Reporting the unreported: the reliability and comparability of the literature on organic solvent nanofiltration
KAUST DepartmentPhysical Science and Engineering (PSE) Division
Chemical Engineering Program
Advanced Membranes and Porous Materials Research Center
Embargo End Date2021-05-06
Permanent link to this recordhttp://hdl.handle.net/10754/662755
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AbstractOrganic solvent nanofiltration (OSN) is an energy-efficient separation technique that has the potential to improve environmental sustainability in many industrial sectors, including food processing, biorefineries, and in the production of pharmaceuticals, fine chemicals and petrochemicals. Some issues, however, hinder the pace of development of this sustainable separation method that could ultimately provide green manufacturing strategies. These issues include lack of clear experimental designs, explicit experimental protocols, comparable performance data and long-term performance tests of membranes at industrially relevant solute concentrations in OSN studies. Here, we report on a survey of the OSN research community and on a critical assessment of 177 journal papers published from 2015 to 2019 to determine how the scientific value and industrial impact of OSN studies can be improved. Based on the results of our survey and literature analysis, we crafted a series of best-practice recommendations for researchers reporting data on membrane fabrication, membrane materials characterization and filtration performance, process integration and fundamental studies.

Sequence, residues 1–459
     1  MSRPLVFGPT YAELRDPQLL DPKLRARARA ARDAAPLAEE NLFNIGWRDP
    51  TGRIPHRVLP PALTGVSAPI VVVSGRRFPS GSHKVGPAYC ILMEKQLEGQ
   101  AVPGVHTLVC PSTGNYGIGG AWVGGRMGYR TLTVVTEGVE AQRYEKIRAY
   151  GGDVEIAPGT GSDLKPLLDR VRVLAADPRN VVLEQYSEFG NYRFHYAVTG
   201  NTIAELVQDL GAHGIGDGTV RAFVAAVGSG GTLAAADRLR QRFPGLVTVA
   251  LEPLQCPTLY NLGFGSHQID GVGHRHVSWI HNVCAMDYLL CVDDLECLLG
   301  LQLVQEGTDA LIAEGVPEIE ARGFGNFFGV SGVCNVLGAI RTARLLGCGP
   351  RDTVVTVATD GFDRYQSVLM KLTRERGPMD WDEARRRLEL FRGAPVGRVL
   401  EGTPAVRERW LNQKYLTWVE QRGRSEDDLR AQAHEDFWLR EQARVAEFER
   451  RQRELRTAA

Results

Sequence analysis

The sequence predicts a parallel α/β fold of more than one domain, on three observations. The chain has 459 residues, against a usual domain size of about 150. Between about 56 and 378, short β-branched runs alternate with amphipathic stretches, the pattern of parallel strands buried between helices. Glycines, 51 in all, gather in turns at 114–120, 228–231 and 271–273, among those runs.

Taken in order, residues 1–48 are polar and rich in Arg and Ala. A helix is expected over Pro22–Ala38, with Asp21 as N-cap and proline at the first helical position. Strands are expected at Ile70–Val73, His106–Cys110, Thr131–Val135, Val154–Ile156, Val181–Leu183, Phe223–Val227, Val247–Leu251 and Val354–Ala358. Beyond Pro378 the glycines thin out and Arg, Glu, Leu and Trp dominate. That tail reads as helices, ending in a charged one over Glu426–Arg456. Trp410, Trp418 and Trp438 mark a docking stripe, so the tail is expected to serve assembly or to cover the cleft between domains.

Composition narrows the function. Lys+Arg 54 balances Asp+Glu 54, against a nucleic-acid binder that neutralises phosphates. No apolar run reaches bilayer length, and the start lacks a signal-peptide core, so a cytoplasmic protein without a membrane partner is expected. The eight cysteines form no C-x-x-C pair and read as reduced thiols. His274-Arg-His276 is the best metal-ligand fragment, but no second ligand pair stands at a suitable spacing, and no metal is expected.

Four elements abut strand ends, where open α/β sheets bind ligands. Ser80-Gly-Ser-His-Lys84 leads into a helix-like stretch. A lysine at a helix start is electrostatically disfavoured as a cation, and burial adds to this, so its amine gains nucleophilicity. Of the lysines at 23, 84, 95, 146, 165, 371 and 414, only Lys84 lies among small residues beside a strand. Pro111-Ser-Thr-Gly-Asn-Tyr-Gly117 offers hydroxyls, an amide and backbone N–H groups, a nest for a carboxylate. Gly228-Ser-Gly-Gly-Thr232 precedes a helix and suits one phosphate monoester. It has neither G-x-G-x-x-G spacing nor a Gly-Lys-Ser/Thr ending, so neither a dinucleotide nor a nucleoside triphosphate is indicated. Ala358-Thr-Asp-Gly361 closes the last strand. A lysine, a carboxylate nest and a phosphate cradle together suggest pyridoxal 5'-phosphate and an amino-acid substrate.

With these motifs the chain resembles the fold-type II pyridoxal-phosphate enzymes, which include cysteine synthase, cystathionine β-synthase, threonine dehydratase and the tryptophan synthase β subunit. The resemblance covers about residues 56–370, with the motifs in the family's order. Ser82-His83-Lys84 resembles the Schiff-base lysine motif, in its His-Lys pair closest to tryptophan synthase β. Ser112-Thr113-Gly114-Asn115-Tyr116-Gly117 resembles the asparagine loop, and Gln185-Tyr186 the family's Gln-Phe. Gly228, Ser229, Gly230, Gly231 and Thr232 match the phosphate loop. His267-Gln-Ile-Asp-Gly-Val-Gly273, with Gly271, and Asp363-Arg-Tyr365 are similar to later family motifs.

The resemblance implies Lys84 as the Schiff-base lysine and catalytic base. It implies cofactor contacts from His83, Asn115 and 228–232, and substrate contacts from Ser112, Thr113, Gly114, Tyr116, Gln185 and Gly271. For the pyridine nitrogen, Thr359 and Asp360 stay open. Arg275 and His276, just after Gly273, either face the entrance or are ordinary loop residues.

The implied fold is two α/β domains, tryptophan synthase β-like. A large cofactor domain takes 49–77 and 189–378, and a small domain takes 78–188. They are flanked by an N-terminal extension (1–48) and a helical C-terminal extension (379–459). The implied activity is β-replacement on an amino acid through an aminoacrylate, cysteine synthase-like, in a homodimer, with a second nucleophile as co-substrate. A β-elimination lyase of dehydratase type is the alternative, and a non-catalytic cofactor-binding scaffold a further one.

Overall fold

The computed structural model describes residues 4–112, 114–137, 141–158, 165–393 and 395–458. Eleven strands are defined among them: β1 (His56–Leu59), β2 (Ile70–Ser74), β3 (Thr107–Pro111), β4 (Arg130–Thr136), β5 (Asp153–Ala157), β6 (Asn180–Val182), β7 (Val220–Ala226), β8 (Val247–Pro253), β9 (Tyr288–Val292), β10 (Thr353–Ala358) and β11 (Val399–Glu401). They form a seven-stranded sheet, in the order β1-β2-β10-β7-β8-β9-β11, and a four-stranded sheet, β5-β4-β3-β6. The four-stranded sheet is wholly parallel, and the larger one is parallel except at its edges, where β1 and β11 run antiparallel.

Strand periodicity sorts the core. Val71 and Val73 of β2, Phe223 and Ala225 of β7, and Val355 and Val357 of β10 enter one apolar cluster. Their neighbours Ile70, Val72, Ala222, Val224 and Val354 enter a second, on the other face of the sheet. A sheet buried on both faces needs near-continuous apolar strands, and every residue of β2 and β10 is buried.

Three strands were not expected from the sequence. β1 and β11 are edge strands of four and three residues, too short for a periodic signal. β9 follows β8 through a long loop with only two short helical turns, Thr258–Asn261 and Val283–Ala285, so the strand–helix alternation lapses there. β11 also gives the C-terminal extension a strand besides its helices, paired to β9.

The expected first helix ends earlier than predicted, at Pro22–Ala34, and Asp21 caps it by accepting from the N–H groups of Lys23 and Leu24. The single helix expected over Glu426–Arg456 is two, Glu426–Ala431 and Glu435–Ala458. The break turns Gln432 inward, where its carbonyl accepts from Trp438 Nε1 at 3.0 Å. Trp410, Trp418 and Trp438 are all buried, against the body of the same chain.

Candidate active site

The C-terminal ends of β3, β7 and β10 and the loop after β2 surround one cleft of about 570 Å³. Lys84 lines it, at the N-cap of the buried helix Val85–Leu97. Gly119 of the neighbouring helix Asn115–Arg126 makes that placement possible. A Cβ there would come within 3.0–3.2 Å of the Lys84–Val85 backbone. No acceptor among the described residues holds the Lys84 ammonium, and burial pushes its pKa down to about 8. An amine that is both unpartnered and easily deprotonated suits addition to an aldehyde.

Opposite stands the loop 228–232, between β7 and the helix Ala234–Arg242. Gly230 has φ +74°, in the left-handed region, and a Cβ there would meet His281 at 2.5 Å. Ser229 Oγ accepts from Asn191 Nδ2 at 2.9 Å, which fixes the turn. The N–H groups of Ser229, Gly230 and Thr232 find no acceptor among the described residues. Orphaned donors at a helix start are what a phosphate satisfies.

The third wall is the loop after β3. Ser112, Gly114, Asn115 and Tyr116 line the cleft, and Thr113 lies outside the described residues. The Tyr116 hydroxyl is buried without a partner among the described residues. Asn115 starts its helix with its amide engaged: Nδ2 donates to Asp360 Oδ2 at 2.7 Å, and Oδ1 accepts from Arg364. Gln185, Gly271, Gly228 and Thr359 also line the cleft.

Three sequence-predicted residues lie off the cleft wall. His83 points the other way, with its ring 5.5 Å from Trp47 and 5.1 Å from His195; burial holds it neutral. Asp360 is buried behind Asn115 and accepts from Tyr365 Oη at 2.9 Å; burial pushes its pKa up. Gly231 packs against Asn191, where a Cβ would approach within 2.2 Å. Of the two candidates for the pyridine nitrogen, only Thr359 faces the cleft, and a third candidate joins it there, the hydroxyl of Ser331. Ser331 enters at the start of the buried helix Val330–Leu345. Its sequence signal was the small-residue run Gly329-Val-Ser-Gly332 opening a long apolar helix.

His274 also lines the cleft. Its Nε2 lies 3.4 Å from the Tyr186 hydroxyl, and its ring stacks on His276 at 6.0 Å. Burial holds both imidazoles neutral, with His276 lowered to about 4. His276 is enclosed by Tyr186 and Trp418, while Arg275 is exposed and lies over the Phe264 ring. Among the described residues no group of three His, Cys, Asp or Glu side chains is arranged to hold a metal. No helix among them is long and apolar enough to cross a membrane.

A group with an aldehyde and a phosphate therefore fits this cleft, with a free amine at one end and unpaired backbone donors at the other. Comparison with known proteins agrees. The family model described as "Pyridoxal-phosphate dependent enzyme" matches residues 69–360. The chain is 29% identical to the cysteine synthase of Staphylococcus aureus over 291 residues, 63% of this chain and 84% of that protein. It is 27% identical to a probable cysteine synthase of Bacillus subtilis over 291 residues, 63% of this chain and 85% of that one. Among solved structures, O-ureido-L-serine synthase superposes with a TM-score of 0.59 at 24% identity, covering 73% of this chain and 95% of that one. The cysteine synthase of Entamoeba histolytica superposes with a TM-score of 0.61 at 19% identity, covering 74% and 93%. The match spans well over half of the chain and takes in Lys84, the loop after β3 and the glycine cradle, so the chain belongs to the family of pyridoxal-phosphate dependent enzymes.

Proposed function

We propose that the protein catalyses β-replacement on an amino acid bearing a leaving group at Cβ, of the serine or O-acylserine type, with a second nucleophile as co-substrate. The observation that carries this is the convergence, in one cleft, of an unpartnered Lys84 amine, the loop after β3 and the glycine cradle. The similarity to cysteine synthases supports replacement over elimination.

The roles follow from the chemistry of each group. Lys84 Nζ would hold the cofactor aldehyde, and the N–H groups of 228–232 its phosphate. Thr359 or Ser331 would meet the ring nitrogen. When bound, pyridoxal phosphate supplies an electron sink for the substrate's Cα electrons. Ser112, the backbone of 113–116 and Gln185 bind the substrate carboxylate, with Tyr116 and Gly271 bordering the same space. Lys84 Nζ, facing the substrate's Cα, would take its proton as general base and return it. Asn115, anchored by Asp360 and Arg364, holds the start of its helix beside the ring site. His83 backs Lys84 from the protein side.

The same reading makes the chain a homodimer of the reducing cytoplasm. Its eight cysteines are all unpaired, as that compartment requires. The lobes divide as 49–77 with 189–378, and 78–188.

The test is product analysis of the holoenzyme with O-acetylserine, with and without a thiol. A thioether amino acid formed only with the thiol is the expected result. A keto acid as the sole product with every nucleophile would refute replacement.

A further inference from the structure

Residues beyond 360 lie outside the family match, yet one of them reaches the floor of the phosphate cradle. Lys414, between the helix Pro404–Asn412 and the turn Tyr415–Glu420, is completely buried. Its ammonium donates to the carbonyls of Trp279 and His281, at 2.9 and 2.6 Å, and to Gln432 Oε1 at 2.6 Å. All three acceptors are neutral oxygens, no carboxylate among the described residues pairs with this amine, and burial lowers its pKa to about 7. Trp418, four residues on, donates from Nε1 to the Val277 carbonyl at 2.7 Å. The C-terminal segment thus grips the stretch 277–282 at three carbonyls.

CitationLe Phuong, H. A., Blanford, C. F., & Szekely, G. (2020). Reporting the unreported: the reliability and comparability of the literature on organic solvent nanofiltration. Green Chemistry. doi:10.1039/d0gc00775g
SponsorsThe authors express their gratitude to the OSN2019 conference organizers for helping to distribute the survey on the conference website. The authors also thank everyone who completed the survey and shared their responses. Fruitful discussion with Mr. Levente Cseri from the University of Manchester is gratefully acknowledged. The authors acknowledge the UK’s Engineering and Physical Sciences Research Council (EPSRC) under grant code EP/N509565/1 for funding HALP’s doctoral studies through the University of Manchester’s doctoral training account administered by their Department of Materials. The research reported in this publication was supported by funding from King Abdullah University of Science and Technology (KAUST).
PublisherRoyal Society of Chemistry (RSC)